Elder ElRay L. Christiansen Dies

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“Elder ElRay L. Christiansen Dies,” Ensign, Jan. 1976, 92

Elder ElRay L. Christiansen Dies

“Long ago I promised the Lord that I stood ready to give or to do anything and all things which he would ask of me through his servants. I have tried to do that.”

That statement, made in October 1951 when he was sustained as an Assistant to the Council of the Twelve, personified the life and service of Elder ElRay L. Christiansen, who died December 2, 1975, following a heart attack. He was 78.

Elder ElRay L. Christiansen

Elder ElRay L. Christiansen

Elder Christiansen is survived by his wife, the former Lewella Rees, three children, fifteen grandchildren, two great-grand children, and a sister.

His family was a source of strength to him as he fulfilled the responsibilities of his callings in the Church. Speaking in the October 1951 conference, Elder Christiansen said:

“I have never yet been up against a task that was difficult for me but what I have found the immediate and sustaining support of my wonderful wife, and along with that, the encouragement of my children. That support has been one of the most helpful, strengthening influences that has come to me in my life. With their help, and with the help of the Lord, we have gone along and done our best.” (Improvement Era, December 1951, p. 897.)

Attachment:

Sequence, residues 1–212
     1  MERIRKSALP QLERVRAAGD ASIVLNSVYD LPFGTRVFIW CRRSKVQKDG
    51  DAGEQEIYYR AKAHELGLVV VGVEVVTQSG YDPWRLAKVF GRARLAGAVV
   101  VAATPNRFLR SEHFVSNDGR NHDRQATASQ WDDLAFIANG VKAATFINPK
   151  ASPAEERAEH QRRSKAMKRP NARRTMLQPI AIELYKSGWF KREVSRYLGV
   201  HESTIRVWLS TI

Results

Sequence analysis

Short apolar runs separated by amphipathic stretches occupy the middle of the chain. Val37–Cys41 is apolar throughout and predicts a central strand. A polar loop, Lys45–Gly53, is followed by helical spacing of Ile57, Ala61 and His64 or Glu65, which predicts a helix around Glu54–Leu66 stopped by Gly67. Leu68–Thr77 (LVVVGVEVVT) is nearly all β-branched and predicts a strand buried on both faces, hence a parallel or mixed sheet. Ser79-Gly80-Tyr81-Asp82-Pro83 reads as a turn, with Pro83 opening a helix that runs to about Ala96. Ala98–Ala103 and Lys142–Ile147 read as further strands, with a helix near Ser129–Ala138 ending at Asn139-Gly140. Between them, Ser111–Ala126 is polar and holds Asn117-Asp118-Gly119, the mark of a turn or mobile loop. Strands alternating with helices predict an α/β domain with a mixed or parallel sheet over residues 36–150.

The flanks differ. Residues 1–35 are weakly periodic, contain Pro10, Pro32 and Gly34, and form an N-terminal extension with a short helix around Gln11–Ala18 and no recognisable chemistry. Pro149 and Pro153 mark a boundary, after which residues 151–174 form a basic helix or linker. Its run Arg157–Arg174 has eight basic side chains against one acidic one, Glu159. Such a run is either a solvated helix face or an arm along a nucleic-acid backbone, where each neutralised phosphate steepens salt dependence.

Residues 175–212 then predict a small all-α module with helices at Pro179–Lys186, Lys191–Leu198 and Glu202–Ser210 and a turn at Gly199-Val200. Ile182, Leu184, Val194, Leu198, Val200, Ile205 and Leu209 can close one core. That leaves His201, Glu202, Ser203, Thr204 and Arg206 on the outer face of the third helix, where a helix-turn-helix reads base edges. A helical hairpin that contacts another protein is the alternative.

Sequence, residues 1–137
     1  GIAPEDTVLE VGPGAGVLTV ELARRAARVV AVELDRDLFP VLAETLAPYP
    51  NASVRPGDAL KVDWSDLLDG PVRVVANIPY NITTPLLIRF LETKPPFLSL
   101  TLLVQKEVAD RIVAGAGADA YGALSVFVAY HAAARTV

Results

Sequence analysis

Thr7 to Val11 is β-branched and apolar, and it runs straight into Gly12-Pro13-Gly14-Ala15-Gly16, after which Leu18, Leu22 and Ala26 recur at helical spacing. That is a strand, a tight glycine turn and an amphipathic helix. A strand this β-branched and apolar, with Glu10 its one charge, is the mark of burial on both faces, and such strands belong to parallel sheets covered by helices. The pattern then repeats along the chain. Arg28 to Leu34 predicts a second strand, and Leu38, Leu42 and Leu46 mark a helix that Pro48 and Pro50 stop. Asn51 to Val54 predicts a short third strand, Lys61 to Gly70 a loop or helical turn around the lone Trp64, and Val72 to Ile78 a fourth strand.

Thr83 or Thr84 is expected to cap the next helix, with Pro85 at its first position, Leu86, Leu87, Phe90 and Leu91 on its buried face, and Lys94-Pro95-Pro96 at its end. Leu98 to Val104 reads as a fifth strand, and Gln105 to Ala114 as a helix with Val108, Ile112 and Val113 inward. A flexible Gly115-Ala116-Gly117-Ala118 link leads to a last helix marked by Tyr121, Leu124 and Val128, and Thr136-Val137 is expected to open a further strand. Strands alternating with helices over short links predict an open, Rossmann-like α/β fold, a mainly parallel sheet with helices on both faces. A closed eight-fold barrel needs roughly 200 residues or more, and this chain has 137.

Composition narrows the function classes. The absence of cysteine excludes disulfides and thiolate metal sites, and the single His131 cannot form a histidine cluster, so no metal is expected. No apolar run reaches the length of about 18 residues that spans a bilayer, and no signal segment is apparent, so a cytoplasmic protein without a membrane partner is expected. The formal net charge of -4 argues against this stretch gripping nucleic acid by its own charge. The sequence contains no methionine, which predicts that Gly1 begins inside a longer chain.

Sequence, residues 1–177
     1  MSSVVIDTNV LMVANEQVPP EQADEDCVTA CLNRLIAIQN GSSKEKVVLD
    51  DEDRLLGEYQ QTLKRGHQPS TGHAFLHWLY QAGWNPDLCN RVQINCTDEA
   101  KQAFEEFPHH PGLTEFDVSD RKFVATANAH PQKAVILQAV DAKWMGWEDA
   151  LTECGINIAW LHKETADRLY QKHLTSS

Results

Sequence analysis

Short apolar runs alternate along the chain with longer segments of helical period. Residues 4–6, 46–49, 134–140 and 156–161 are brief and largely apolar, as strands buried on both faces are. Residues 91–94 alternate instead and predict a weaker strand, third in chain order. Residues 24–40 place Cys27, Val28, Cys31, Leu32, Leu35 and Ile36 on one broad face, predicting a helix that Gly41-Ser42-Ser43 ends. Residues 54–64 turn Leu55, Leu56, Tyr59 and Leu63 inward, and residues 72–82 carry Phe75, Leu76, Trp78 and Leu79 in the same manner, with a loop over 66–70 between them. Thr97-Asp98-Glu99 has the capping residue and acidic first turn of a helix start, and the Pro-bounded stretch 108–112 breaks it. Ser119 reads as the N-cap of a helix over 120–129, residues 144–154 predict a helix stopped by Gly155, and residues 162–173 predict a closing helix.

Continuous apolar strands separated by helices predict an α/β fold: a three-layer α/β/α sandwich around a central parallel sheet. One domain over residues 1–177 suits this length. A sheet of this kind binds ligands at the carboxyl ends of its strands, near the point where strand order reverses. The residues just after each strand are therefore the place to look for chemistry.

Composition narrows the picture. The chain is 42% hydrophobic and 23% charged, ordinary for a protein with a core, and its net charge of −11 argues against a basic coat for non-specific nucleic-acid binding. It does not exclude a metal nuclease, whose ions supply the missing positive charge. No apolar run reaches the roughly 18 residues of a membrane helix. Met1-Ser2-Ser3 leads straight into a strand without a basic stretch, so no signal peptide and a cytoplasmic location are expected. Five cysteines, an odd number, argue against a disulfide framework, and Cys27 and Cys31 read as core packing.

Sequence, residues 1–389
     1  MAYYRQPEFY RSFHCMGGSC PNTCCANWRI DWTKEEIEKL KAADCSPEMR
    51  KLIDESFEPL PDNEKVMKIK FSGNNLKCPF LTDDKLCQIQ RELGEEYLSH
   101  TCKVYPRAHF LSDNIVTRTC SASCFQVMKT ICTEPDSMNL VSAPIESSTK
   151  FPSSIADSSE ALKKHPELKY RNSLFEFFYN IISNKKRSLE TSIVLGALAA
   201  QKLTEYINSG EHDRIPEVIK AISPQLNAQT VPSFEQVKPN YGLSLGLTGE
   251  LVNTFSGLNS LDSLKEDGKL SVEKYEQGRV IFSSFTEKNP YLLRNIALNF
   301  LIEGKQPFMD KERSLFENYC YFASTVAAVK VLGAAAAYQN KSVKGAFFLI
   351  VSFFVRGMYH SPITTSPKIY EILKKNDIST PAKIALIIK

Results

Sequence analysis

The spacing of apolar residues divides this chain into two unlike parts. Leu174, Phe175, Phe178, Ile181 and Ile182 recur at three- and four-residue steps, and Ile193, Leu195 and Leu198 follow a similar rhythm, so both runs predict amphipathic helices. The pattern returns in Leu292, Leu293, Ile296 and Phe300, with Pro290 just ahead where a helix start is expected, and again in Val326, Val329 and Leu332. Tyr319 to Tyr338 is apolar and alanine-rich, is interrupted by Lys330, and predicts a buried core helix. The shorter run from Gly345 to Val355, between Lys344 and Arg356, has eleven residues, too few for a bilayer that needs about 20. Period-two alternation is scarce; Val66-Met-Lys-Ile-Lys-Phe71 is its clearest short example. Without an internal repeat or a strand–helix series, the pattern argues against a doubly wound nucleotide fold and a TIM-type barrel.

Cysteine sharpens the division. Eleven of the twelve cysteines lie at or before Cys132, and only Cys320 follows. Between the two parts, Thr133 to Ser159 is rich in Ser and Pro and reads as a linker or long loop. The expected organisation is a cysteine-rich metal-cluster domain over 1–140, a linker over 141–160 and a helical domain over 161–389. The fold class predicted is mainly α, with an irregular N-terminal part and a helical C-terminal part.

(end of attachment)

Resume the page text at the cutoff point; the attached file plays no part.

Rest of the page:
Born at Mayfield, Utah, Elder Christiansen was a descendant of early Church and Utah colonizers. His father was a farmer and a forest ranger, areas of interest that were to influence the life of the young man who studied at Utah State Agricultural College. Graduate work was to follow at Brigham Young University and the University of Utah. Specializing in education, Elder Christiansen was both a teacher and a school administrator, and was to serve as principal of the school then sponsored by the Church at Kelsey, Texas.

Prior to holding that position, Elder Christiansen, with his new bride, was called to serve a full-time mission in the Central States Mission. Later, in 1937, he was called to serve as president of the Texas-Louisiana Mission, a position he held for more than four years.

In other Church callings, Elder Christiansen served as a bishop, stake president, counselor in a stake presidency, stake high councilor, seminary teacher, and in a YMMIA presidency. From 1943 until his calling as an Assistant to the Council of the Twelve, he served as president of the Logan Temple, and from 1954 through 1961 he was president of the Salt Lake Temple. In 1964 he was appointed coordinator of temples throughout the world.

In community endeavors he was the Logan, Utah, president of Rotary International, actively interested in the Boy Scouts of America, and, as a talented cellist, he performed in string ensembles and, for a while, played with the Utah Symphony Orchestra.

Elder Christiansen leaves a great legacy of service and the memory of a man devoted to temple work, a man who constantly and lovingly encouraged the Saints to reap the benefits that come with attending the House of the Lord.